1.92 +  @{text "\<turnstile> (A \<Longrightarrow> B) \<Longrightarrow> (B \<Longrightarrow> A) \<Longrightarrow> A \<equiv> B"} & coincidence with equivalence \\
1.93 +  \end{tabular}
1.94 +  \caption{Conceptual axiomatization of builtin equality}\label{fig:pure-equality}
1.95    \end{center}
1.96    \end{figure}
1.98 @@ -461,26 +492,35 @@
1.99    "\<Longrightarrow>"} are analogous to formation of (dependently typed) @{text
1.100    "\<lambda>"}-terms representing the underlying proof objects.  Proof terms
1.101    are \emph{irrelevant} in the Pure logic, they may never occur within
1.102 -  propositions, i.e.\ the @{text "\<Longrightarrow>"} arrow of the framework is a
1.103 -  non-dependent one.
1.104 +  propositions, i.e.\ the @{text "\<Longrightarrow>"} arrow is non-dependent.  The
1.105 +  system provides a runtime option to record explicit proof terms for
1.106 +  primitive inferences, cf.\ \cite{Berghofer-Nipkow:2000:TPHOL}.  Thus
1.107 +  the three-fold @{text "\<lambda>"}-structure can be made explicit.
1.109 -  Also note that fixed parameters as in @{text "\<And>_intro"} need not be
1.110 -  recorded in the context @{text "\<Gamma>"}, since syntactic types are
1.111 -  always inhabitable.  An assumption'' @{text "x :: \<tau>"} is logically
1.112 -  vacuous, because @{text "\<tau>"} is always non-empty.  This is the deeper
1.113 -  reason why @{text "\<Gamma>"} only consists of hypothetical proofs, but no
1.114 -  hypothetical terms.
1.115 +  Observe that locally fixed parameters (as used in rule @{text
1.116 +  "\<And>_intro"}) need not be recorded in the hypotheses, because the
1.117 +  simple syntactic types of Pure are always inhabitable.  The typing
1.118 +  assumption'' @{text "x :: \<tau>"} is logically vacuous, it disappears
1.119 +  automatically whenever the statement body ceases to mention variable
1.120 +  @{text "x\<^isub>\<tau>"}.\footnote{This greatly simplifies many basic
1.121 +  reasoning steps, and is the key difference to the formulation of
1.122 +  this logic as @{text "\<lambda>HOL"}'' in the PTS framework
1.123 +  \cite{Barendregt-Geuvers:2001}.}
1.125 -  The corresponding proof terms are left implicit in the classic
1.126 -  LCF-approach'', although they could be exploited separately
1.127 -  \cite{Berghofer-Nipkow:2000}.  The implementation provides a runtime
1.128 -  option to control the generation of full proof terms.
1.129 +  \medskip FIXME @{text "\<alpha>\<beta>\<eta>"}-equivalence and primitive definitions
1.131 +  Since the basic representation of terms already accounts for @{text
1.132 +  "\<alpha>"}-conversion, Pure equality essentially acts like @{text
1.133 +  "\<alpha>\<beta>\<eta>"}-equivalence on terms, while coinciding with bi-implication.
1.135    \medskip The axiomatization of a theory is implicitly closed by
1.136    forming all instances of type and term variables: @{text "\<turnstile> A\<vartheta>"} for
1.137    any substitution instance of axiom @{text "\<turnstile> A"}.  By pushing
1.138    substitution through derivations inductively, we get admissible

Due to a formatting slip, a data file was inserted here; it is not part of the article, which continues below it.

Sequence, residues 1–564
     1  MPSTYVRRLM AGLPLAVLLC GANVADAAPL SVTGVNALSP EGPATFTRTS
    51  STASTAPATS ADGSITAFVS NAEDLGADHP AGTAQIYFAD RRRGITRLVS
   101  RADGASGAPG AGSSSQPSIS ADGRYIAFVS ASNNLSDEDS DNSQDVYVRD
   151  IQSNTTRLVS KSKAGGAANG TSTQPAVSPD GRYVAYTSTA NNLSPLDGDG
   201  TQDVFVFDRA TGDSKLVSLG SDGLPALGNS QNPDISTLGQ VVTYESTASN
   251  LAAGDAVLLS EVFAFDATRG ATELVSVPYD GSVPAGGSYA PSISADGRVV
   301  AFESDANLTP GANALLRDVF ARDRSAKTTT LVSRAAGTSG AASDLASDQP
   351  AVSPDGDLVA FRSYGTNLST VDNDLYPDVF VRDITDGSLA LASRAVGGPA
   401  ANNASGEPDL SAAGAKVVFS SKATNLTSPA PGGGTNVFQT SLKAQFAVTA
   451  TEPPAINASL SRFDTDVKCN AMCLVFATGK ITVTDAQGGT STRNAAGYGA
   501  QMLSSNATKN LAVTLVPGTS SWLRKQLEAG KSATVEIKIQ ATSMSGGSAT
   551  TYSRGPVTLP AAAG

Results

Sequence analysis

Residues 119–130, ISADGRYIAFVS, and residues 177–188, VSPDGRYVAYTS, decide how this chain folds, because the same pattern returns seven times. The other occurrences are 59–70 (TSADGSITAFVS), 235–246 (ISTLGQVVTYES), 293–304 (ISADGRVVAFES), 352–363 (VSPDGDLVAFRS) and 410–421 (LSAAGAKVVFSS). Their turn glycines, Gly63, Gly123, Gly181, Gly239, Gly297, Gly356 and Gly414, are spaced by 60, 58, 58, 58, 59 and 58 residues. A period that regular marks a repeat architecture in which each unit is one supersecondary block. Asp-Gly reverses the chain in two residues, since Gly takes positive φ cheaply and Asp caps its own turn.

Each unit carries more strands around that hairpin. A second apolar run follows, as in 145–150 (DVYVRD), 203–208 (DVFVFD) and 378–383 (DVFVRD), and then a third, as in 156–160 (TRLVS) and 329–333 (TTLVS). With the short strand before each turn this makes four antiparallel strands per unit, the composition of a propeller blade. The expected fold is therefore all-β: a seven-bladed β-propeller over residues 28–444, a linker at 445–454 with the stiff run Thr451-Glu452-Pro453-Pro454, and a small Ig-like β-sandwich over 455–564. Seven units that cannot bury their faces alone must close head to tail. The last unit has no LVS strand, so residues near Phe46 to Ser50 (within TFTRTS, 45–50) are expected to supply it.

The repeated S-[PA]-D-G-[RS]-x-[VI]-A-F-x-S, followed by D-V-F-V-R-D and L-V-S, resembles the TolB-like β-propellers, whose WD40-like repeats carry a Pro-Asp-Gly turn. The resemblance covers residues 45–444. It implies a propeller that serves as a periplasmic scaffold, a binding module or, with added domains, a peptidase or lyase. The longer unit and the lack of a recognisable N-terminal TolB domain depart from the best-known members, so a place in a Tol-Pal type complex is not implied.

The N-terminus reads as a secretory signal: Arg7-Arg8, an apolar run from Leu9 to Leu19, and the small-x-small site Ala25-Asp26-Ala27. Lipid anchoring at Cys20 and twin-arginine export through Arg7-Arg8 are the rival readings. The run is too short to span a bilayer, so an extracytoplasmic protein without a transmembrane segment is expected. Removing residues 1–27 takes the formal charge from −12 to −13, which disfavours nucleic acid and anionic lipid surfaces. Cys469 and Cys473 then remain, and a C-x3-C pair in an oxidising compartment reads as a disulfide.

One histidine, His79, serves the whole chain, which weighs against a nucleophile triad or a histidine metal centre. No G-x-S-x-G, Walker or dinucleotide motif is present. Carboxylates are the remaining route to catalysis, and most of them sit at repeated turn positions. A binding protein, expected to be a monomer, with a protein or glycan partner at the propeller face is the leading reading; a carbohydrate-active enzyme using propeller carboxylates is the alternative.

1.139    substitution rules for theorems shown in \figref{fig:subst-rules}.
1.140 +  Alternatively, the term substitution rules could be derived from
1.141 +  @{text "\<And>_intro/elim"}.  The versions for types are genuine
1.142 +  admissible rules, due to the lack of true polymorphism in the logic.
1.144    \begin{figure}[htb]
1.145    \begin{center}
1.146 @@ -498,58 +538,105 @@
1.147    \end{center}
1.148    \end{figure}
1.150 -  Note that @{text "instantiate_term"} could be derived using @{text
1.151 -  "\<And>_intro/elim"}, but this is not how it is implemented.  The type
1.152 -  instantiation rule is a genuine admissible one, due to the lack of
1.153 -  true polymorphism in the logic.
1.155    Since @{text "\<Gamma>"} may never contain any schematic variables, the
1.156    @{text "instantiate"} do not require an explicit side-condition.  In
1.157    principle, variables could be substituted in hypotheses as well, but
1.158    this could disrupt monotonicity of the basic calculus: derivations
1.159    could leave the current proof context.
1.160 +*}
1.162 -  \medskip The framework also provides builtin equality @{text "\<equiv>"},
1.163 -  which is conceptually axiomatized shown in \figref{fig:equality},
1.164 -  although the implementation provides derived rules directly:
1.165 +text %mlref {*
1.166 +  \begin{mldecls}
1.167 +  @{index_ML_type ctyp} \\
1.168 +  @{index_ML_type cterm} \\
1.169 +  @{index_ML_type thm} \\
1.170 +  \end{mldecls}
1.172 +  \begin{description}
1.174 +  \item @{ML_type ctyp} FIXME
1.176 +  \item @{ML_type cterm} FIXME
1.178 +  \item @{ML_type thm} FIXME
1.180 +  \end{description}
1.181 +*}
1.184 +subsection {* Auxiliary connectives *}
1.186 +text {*
1.187 +  Pure also provides various auxiliary connectives based on primitive
1.188 +  definitions, see \figref{fig:pure-aux}.  These are normally not
1.189 +  exposed to the user, but appear in internal encodings only.
1.191    \begin{figure}[htb]
1.192    \begin{center}
1.193    \begin{tabular}{ll}
1.194 -  @{text "\<equiv> :: \<alpha> \<Rightarrow> \<alpha> \<Rightarrow> prop"} & equality relation (infix) \\
1.195 -  @{text "\<turnstile> (\<lambda>x. b x) a \<equiv> b a"} & @{text "\<beta>"}-conversion \\